1142 Orange Avenue, Coronado
The old: a group in India read Bible stories non-stop for 72 hours.
The new, Guinness Book record: 76 hours, 18 minutes: from Thursday, May 8 at 6:00 p.m. through Sunday, May 11 at 10:17 p.m., 20 actors read complete plays and sang entire musicals with less than five minutes in between.
To celebrate, after a well-deserved time out, they kept going for another 24, unofficial hours. At least 100 local actors and musicians joined in.
The entire event, record and celebration, lasted 100 hours and 42 minutes.
DO NOT TRY THIS AT HOME. Or even at a theater.
Robert Smyth, Lamb’s artistic director, cites reasons for the success: “great logistical work backstage and the front of the house; the core of actors have done so much work with us, and understood the stories and the characters so well; and the stamina and joyous spirit shared by performers and audience throughout.”
The rules were severe.
- Two minutes max. between scenes (and not a second over)
- Five minutes max. between scripts.
- A “Core” of 20 actors, total, for the event.
- At least 20 people in the audience at all times. “Official” members watch in four hour shifts (a long time to sit in a seat, BTW). Each carries a numbered paddle. If one goes to the rest room, an alternate must take the paddle and sit in the person’s seat.
Guinness filmed with two cameras in the back row. Two time-keepers made sure the intervals were copacetic.
So 20 “core” actors and 76 hours? Divvied up, that means each does between 14 and 17 shows. Along with aesthetic schizophrenia, when do they rest?
One answer: do four in a row and carve out sack time – if you can, since you’ll be so wired that sleep won’t come.
Robert Smyth did three in a row, including the solo piece Damian. “I wasn’t tired,” he says, “but I was emotionally smacked.”
Robert’s wife Deborah and Nicki Elledge did four in a row — “that’s seven to eight hours straight!” says Robert, eyes rolling.
Deborah and Colleen Kollar Smith, in fact, did 23 shows from Thursday through Monday night — which must be a Guinness Record as well!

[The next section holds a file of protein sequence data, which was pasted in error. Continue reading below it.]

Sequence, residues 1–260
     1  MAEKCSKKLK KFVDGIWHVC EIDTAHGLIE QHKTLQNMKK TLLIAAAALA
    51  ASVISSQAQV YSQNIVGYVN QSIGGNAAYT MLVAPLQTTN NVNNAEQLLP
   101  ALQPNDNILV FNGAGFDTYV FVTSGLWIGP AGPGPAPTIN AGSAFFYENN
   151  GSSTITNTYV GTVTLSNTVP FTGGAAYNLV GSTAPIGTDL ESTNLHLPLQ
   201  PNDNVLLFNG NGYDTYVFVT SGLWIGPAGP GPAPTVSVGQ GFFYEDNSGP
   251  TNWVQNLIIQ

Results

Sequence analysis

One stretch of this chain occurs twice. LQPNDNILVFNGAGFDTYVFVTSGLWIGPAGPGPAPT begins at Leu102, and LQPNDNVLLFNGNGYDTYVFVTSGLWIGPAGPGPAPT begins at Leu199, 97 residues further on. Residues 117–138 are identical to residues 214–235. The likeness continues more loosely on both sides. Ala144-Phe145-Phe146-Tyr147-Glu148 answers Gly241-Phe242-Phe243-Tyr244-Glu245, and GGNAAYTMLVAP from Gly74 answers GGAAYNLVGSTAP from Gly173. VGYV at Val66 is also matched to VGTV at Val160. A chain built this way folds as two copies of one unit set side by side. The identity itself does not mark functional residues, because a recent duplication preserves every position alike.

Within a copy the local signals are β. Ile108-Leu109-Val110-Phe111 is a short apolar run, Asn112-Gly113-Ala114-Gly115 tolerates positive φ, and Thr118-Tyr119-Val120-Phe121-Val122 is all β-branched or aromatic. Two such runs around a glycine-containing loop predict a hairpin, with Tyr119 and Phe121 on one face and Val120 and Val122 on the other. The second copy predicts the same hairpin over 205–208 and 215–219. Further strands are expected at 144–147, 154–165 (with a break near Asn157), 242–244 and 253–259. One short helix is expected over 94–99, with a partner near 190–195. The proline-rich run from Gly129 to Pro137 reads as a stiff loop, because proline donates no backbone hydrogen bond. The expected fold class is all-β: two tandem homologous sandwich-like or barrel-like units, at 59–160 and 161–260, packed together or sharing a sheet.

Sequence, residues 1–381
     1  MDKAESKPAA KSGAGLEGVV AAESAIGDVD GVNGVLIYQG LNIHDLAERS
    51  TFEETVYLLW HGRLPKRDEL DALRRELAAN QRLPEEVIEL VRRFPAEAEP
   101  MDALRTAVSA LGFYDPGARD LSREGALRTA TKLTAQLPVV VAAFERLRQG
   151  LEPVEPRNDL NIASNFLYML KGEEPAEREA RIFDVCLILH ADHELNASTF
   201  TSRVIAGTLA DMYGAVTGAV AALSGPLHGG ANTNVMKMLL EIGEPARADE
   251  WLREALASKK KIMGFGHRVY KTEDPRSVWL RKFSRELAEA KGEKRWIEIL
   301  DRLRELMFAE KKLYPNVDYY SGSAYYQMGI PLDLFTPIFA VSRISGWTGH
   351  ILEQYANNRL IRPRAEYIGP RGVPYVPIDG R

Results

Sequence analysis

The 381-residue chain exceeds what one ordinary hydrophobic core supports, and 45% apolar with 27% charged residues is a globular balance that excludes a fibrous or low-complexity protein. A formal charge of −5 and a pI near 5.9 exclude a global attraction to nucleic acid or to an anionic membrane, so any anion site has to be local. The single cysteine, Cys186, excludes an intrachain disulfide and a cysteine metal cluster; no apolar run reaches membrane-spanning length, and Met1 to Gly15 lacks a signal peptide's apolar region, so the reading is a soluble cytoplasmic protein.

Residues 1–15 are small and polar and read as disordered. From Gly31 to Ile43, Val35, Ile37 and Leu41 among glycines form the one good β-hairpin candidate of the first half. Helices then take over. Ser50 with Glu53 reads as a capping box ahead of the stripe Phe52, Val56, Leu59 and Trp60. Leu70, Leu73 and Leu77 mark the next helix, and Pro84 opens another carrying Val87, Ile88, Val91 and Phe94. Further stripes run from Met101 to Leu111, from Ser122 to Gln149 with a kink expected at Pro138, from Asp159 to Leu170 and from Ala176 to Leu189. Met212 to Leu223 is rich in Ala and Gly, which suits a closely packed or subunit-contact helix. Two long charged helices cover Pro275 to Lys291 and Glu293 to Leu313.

SO HOW’D THEY DO IT?
The timers — almost every stage manager in the area volunteered — ran such a tight ship they changed scenes in a minute and a half (not the max of two). They switched plays in four and a half, not five.
Which caused a problem. The shows ran ahead of the slotted times. So they had to insert others to fill in gaps.
Kristen Zucht, who spearheaded audience-building, booked extras for each shift. Even with this precaution, at times it looked like the number might fall just short. That’s when staff members got on the phone. The lure of participating in a World Record (even got the t-shirt) helped.
Colleen Kollar Smith called a friend at 3:00 a.m. The friend agreed, adding “you don’t see a whole lot of people committed to something these days.”
By Sunday evening, as they neared the record, the newness had worn off. But not the spirit.
“The best word for the experience is ‘raw,’” said Smith. “Because of the lack of sleep, there are literally no walls between performers. Many of us felt it’s the most vulnerable performance we had ever given.”
But here’s where the audience came in.
“The people get what it is,” said Susan Clausen, Lamb’s press rep. “They are in on it.”
Some were just as glassy-eyed as the actors. The ones with heads tilted, or half-asleep, may have done several shifts. On Sunday, at 7:30 p.m., Mike Roeder, on Lamb’s Board of Trustees, had seen “67 hours and counting.”
During readings there were glitches, cues missed. But instead of Shame On You Silence, the speaker and the audience would laugh together. Sometimes actors new to the play would be the character, when reading, and themselves when not. They’d react to a joke or a surprising choice someone else just made.
Overall there was an amazing, collective forgiveness. I don’t think I’ve ever seen such open reciprocity between actors and spectators to this degree.
And so informal: raised platform stage, music stands, a piano, folding chairs. No scenery or costumes. People walked in and out, whenever. Part of the deal.
During Godspell, someone sneezed. “Bless you,” said Lance Arthur Smith, playing Jesus. Everyone caught the irony: was it Smith blessing her — or the Lord?
The point of the marathon was to raise funds for the theater. And they did. An estimated 250 people donated who never had before.
A surprise: It also turned out to be an audience-raiser. Some, who came to be part of history — with the t-shirt to prove it — saw live theater for the first time. And said they’d come back.
100 Hours stretched the actors and the theater beyond any known — or possibly even imaginable — experience.
Colleen Kollar Smith: “Everyone cared for each other. Folks were quick to help someone out who really needed an hour nap…and they just had a three hour nap. That sense of camaraderie — we giggled a lot between laughter and tears — was a joy.”
Deborah Gilmour Smyth: “Those of us who were there from the start couldn’t stop hugging each other at the end. It was a little like summer camp for adults being over…”
Robert Smyth: “Amazingly, most of us wanted to keep going.”
As I watched on Sunday night, I suspected that reaction. Suddenly the maelstrom would be over. And amid profound exhaustion and bleary relief, everyone involved would realize that this was a singularity, a onetime only experience they could never, ever, repeat.
The Core 20: Colleen Kollar Smith, Robert Smyth, Deborah Gilmour Smyth, Jon Lorenz, Greg Thompson, Kerry Meads, David Cochran Heath, Cynthia Gerber, Nicole Elledge, G. Scott Lacy, Brendan Farley, Bryan Barbarin, Jim Chovick, Jesse Abeel, Season Marshall Bowers, Catie Grady, David Kirk Grant, Kelsey Venter, Rick Meads.